In high school, I was assigned a really fun essay: it was all about your name. Why did my parents name me that? What does your name mean? What’s the language of origin? Is it a cultural name?
I duly searched baby name websites for the Japanese half of my real first name, Rei, which is from my grandmother’s name Reiko. (The other half of my real first name is a pretty common name, often used for middle names these days) They said that Reiko meant “pleasant child” (-ko, a common suffix in girls’ names, means “child”).
|The kanji for “ko”|
So, then, “Rei” must mean “pleasant.”
Except when it doesn’t.
Japanese names are often written in kanji form; that is, in Chinese characters (though the Japanese read the kanji differently to Chinese people). But because a variety of kanji can be read in a variety of ways, the meaning of a Japanese name–even if it sounds the same–can be different, depending on the kanji that is used.
My grandmother’s Reiko, for instance, originally used a character for “Rei” that she didn’t like, so she used a different one. In my full name in Japanese, my character for “rei” isn’t my grandmother’s–in many families, a kanji character is passed down or used by successive generations. (On my grandfather’s side, the kanji “ya” was passed down–Yasujyo, Yachio, Yajuro, Yasuhiko…)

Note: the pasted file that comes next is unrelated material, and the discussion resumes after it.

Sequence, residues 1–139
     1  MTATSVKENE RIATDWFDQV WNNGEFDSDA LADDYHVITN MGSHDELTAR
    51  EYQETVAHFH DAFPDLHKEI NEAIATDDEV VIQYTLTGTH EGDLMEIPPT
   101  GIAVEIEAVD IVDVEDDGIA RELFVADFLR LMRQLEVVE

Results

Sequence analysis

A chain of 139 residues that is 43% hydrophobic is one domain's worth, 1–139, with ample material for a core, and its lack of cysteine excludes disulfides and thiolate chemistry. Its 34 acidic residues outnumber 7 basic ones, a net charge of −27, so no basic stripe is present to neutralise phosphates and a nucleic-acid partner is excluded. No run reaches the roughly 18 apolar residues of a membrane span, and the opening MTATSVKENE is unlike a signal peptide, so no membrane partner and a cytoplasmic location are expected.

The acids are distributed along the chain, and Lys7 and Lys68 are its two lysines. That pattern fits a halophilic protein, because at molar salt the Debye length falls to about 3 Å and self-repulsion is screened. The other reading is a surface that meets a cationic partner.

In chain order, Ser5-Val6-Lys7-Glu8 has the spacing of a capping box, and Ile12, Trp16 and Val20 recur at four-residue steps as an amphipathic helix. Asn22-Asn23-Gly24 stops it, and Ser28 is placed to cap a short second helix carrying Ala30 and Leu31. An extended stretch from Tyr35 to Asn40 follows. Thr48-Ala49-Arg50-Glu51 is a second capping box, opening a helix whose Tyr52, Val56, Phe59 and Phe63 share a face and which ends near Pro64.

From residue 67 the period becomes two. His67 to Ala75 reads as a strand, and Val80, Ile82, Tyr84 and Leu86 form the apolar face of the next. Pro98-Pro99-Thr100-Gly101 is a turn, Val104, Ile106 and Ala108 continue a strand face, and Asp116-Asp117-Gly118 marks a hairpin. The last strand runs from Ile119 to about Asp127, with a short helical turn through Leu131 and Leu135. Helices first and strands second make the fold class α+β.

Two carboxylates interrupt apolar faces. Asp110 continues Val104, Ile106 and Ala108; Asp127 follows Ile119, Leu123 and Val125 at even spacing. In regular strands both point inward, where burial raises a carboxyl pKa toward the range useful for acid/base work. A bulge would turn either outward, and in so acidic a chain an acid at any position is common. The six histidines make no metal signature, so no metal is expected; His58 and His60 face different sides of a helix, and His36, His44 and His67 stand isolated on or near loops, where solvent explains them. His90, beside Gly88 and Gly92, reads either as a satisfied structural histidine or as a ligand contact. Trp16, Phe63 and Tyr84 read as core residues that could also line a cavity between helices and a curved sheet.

My “rei” does not meant pleasant; it means mountain summit. Here are the different kanji you can use for “rei.” Pieced together, my Japanese name is said the same way as one would say it in English, but the kanji meaning is “tranquil mountain summit” which is, um, well… I guess it’s a personality to strive for?
But if you’re searching on baby name sites for meanings for Japanese names, just know that the meaning there might only be the most common meaning, based on the most common kanji rendering of the name. Or just some uninformed meaning. Which is completely fine if you’re just looking for a quick name to use for a character and you think you might want to go Japanese.
I named a character in Book the First Hikari, which means “light,” which fit the character. I named a character in a short story Kimiko, because I wanted her to have a quick English nickname that she’s known by while her full name often gets ignored.
If you’re writing a story about Japan, with Japanese characters, then I expect a little kanji talk and some kanji research–a common conversation: “Wait, she uses that character for ‘Yasu’ in ‘Yasuko?’ Really? I didn’t know that could be read like that!”